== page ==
Neale Donald Walsch jumps on the bestseller charts with a third collection of his communications with God. Conversations with God, Book 3: An Uncommon Dialogue was published by Hampton Roads on October 27 with a 350,000 first printing based on advance sales of 220,000. It has already gone back to press for 100,000 copies, a wise move since he has taped an interview with Oprah; air date to be announced. Book 1, published by Putnam has sold more than 1.5 million copies and Book 2, published by Hampton, has sold more than 475,000 copies.

Jonathan Kellerman is climbing the mass market charts with the paperback edition of his 11th Alex Delaware novel, Survival of the Fittest. Bantam has 1,360,000 copies in print after three printings, adding substantially to the more than 15 million copies of Kellerman's books in print in the U.S. Fans can look forward to another Kellerman book, Billy Straight, which has a January 4, 1999, pub date and a December 28 laydown date. It's the first of the five-book deal the bestselling author signed with Random/Ballantine about two years ago. Back then it meant a new home and new corporate connections, but now it's just a new publisher. Random House is planning a 310,000 first printing and at least a seven-city tour.

With Chicken Soup titles overflowing on bestseller charts nationwide, Health Communications is enjoying the most successful series in publishing history (let us know if this is not true). Now the concept is moving to a broadcast format with a one-hour Chicken Soup for the Soul special airing December 14 on Paxnet, TV's newest network. The show, hosted by Leeza Gibbons, will feature re-creations of stories from the series starring celebrities such as Martin Sheen, Meredith Baxter-Birney, Paula Abdul and Baywatch's David Charvet. Authors Mark Victor Hansen and Jack Canfield will also appear. Copies sold for all the books in the series total more than 30 million worldwide. Not bad, considering that motivational speakers Canfield and Hansen shopped the book to 33 publishers before it was finally accepted by Health Communications.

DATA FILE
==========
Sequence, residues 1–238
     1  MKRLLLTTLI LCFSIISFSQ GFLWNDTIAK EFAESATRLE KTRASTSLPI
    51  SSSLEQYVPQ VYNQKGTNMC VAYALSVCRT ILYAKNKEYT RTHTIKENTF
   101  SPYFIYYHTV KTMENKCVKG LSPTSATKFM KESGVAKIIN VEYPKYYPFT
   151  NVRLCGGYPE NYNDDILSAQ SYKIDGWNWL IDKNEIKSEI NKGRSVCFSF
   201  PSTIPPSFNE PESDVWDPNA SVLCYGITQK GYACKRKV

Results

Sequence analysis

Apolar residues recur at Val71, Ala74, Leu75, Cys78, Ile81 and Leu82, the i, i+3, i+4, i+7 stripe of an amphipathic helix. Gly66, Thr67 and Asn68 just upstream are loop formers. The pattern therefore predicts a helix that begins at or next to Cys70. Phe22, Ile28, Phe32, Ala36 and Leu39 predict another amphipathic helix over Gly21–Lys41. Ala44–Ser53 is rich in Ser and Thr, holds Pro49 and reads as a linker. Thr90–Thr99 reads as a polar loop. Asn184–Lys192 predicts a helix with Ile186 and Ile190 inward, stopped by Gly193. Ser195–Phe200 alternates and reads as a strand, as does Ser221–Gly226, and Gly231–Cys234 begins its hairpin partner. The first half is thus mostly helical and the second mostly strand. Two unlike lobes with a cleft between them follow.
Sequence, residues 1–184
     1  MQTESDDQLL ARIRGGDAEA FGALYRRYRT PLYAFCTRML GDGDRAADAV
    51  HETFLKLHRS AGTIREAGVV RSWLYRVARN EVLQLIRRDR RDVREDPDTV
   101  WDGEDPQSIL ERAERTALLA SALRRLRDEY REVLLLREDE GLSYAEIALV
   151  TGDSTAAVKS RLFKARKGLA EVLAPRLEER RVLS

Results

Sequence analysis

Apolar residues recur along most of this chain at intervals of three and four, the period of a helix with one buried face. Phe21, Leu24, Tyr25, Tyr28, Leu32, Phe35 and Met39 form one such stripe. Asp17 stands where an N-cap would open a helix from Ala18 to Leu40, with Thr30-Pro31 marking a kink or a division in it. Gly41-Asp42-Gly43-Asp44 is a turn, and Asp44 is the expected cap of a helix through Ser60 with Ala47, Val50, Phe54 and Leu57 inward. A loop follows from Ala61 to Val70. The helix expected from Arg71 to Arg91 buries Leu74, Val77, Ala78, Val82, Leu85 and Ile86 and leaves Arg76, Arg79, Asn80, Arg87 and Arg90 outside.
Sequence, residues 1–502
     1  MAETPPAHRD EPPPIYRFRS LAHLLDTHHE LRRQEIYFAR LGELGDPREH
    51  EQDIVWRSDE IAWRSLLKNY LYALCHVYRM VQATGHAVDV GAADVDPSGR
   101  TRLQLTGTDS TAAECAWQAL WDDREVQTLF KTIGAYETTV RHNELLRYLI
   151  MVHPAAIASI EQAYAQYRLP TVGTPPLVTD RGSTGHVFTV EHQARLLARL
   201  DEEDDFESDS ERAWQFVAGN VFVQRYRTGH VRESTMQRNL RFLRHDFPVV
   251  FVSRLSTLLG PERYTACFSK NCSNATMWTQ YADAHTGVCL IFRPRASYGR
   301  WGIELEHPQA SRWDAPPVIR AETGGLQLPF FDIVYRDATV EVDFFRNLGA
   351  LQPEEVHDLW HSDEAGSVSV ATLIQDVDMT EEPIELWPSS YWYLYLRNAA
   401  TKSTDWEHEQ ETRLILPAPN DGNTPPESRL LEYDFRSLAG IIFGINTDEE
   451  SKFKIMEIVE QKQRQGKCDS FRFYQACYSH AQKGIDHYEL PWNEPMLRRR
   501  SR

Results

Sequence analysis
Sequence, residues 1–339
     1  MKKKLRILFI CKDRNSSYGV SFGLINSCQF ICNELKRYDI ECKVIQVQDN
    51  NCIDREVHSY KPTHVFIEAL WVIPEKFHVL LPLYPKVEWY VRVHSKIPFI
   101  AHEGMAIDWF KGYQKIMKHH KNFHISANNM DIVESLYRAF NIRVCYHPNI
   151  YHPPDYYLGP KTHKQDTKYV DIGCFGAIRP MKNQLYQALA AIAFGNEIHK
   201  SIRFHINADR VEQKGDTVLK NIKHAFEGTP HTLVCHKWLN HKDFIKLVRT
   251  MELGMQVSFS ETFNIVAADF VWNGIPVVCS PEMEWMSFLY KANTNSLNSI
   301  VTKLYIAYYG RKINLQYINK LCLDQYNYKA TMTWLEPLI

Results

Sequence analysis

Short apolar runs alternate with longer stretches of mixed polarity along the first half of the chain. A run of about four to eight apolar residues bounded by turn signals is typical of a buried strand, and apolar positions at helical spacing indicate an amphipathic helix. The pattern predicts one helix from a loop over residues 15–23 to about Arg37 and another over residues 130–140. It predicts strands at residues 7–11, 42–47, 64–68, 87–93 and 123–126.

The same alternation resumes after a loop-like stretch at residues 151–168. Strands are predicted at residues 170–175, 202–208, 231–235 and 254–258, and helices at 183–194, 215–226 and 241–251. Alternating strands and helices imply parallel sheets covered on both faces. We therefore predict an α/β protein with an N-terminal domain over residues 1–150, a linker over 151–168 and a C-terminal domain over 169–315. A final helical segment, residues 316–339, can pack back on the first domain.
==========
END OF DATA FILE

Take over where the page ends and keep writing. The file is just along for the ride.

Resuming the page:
While many folks will try to do almost anything to get a mention in The Guinness Book of Records, one of the bestselling copyrighted books in the world (nearly 100 million copies in print is the qualifier for that claim), the 1999 edition is trying for some records of its own. The Guinness 1999 Book of Records, published November 1 and already climbing the charts at retail outlets, particularly at the national chains and price clubs, has a hefty 700,000-copy first printing and, for the first time, has full color throughout; it includes 7000 records in 210 categories. Published by Guinness Publishing, the latest edition is also benefiting from eponymous Fox Network show. Maryann Palumbo Marketing Concepts has been handling all the PR; the book has already been featured on Oprah (who devoted an entire show to Guinness record holders); other Guinness segments are planned for CBS News Saturday Morning, Regis &Kathie Lee and Montel (for a full hour). The book enjoyed a cameo shot on America's top-rated show, ER, on November 5. Guinness CEO Mark Young is doing the media tour for the book; he is also the one who decides what and who constitutes the various records. So which titles and authors passed Young's muster in the book category? Top-selling authors are Agatha Christie -- her 78 crime novels have sold an estimated two billion copies in 44 languages -- and British novelist Dame Barbara Cartland, whose 635 novels have had global sales of more than 650 million. Sidney Sheldon is cited as the world's most translated author, with book available in 51 languages in more than 180 countries. And the three bestselling works of fiction, each credited with sales of about 30 million, are Valley of the Dolls, To Kill a Mockingbird and Gone with the Wind.